Questioning an officer’s actions is not condemnation of all police
Day for gratitude for our plenty and sharing with whomever, we can.
Gram didn't mince words, and I miss her.
If you want change, you must find ways to work for it.
Evaluate the candidates and answer the question with your vote.
Bad weather shows God is against same-sex nuptials, he says.
Whitney Houston lyrics are not an education policy.
What's said on radio doesn't stay on radio.
Few understand the high cost of gun violence.
Put yourself in another person's shoes.
There were so many reasons to boot this pair of professional opportunists.
Don't like the tea party? Vote in the primary.
Graduates, prepare for reality of insecurity as you start professional life.
Republican Adam Kwasman accidentally makes a point in his migrant bus screwup.
Nothing sincere can survive long on the Internet.
It's reminiscent of effort to dismantle the journalism department 20 years ago.
I planned to write this week about Al Melvin, the Arizona state senator and failed gubernatorial candidate who wears his “conservative Christian” label more in your face than on his sleeve.
Some get-rich schemes to consider.
Another week, another shooting rampage. Or two. Or three. The frequency is sickening, and frightening.
Now here’s an argument for voter education: Cesar Chavez.
One small, cramped, beige concrete block room at the Pima Animal Care Center is where, if all goes well, the journey from goodbye to hello begins for thousands of unwanted, lost, neglected or abused animals.
I overheard students at the UA last week — three of them, excited about graduating this weekend but clearly, obviously nervous, with good reason.
It’s amazing how little we know about ourselves.
The last pumpkin went mushy over the weekend. It had been on the kitchen counter since before Halloween, one of six or eight lined up as reminders that fall does come to the desert.
‘Intent” is a grand word. It can convey a determination, or it can sound like something while being nothing.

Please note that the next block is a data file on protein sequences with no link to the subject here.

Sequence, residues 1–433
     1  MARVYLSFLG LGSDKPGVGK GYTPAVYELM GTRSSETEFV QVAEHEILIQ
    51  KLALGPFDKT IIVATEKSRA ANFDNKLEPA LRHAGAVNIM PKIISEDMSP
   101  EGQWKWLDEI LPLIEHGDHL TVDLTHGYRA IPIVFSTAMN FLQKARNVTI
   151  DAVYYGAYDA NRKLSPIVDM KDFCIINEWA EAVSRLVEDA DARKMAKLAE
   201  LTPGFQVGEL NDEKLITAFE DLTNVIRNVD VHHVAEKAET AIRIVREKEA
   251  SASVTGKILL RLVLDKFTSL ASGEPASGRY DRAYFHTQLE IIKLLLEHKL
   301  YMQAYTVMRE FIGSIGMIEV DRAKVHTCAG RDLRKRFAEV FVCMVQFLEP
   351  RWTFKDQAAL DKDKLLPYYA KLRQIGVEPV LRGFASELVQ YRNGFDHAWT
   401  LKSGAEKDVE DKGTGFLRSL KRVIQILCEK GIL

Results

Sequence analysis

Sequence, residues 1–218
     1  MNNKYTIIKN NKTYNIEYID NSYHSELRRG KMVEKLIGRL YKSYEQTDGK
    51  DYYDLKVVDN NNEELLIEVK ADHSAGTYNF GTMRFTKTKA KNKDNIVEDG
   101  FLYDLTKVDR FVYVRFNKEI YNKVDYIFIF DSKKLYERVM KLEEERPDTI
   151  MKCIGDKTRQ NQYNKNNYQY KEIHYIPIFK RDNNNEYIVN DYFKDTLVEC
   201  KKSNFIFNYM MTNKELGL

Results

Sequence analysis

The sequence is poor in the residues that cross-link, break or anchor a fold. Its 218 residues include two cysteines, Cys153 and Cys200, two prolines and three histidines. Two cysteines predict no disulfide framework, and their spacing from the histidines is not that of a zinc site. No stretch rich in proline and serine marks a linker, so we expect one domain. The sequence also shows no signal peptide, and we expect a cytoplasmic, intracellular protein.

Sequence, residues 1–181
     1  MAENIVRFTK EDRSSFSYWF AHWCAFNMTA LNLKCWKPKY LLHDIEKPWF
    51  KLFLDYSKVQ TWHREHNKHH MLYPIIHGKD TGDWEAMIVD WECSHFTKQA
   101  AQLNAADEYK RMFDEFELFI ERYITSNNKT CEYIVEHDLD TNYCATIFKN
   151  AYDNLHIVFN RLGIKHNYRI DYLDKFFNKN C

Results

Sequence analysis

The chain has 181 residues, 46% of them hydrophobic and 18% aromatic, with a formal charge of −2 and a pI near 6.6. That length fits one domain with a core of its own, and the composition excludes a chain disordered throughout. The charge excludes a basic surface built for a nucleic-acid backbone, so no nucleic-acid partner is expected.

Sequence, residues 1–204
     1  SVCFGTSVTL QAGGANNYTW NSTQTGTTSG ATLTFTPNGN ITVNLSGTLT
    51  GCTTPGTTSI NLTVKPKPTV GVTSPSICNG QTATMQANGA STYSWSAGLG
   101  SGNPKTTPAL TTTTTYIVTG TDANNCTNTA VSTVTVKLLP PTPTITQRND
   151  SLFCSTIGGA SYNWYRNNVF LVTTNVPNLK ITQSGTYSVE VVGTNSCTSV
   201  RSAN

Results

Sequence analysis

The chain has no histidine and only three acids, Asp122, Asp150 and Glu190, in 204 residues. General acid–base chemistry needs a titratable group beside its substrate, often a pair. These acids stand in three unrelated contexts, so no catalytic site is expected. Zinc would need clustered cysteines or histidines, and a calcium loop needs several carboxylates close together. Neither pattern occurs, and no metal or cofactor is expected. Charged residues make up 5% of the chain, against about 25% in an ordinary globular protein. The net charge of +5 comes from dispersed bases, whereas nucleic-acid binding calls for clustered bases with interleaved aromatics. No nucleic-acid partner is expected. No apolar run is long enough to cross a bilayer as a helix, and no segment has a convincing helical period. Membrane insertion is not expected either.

What makes a person disabled?
How do you know what you know?
Jan Brewer isn’t going to run for a third term as Arizona governor.
With what looks to be our one day of winter behind us — clouds, precipitation, below 70 degrees (long sleeves!) — it’s difficult not to look ahead to the inferno we know is coming.
Arizona Senate Bill 1062 was not a defense of the religious. The legislation, which would have permitted discrimination based on religious belief, was a weapon whipped up in a desperate grasp for power by those who interpret change as a personal assault.
In a time of instant communication — much of it reaction to what someone else did or said — deadly force is the most potent instant communication of all.
Football player Michael Sam’s statement that he’s gay shouldn’t be news. In the world of sports, though, an announcement like that gets attention because even if being gay isn’t unusual, talking about it is.
Living out one’s twilight years. It’s such a lovely turn of phrase for a time that can be so benignly cruel.
We know what won’t change gun laws in the United States:
I am pretty sure my bathroom scale is a Republican.
Dogs don’t need New Year’s.
Christmas is a chameleon.
Life is all about the big toe.
The nearly 100 students who attend Sentinel Peak High School in the Flowing Wells Unified District are proof that the American high school system doesn’t work for everyone.
Fifty years ago the doors to Walter Douglas Elementary School opened to its first batch of students.
There was a lot of dressing up in my neighborhood — friends with homemade capes (or bath towels), colored hats from the zoo, cardboard-and-glitter crowns.
Call it the Hassle Maxim:
The hyperbolic are not inclined to hide their lights under a bushel basket.
I have this hypothetical bouncing around my head:
Middle schools are caldrons of antsy discombobulation.
Fall brings several benchmarks: the pumpkin farm, my annual baking imperative, the inevitable hopeful excursion into nature that ends with sunburn and the realization that it really is still hot, even though we wish it weren’t so.
A mass shooting — another mass shooting — hit the news this week, and any sense of shock is gone. Such rampant killing is no longer an anomaly. The disbelief has given way to inevitability. There is no sense of what the hell is happening to our world, no outrage that we have allowed a societ…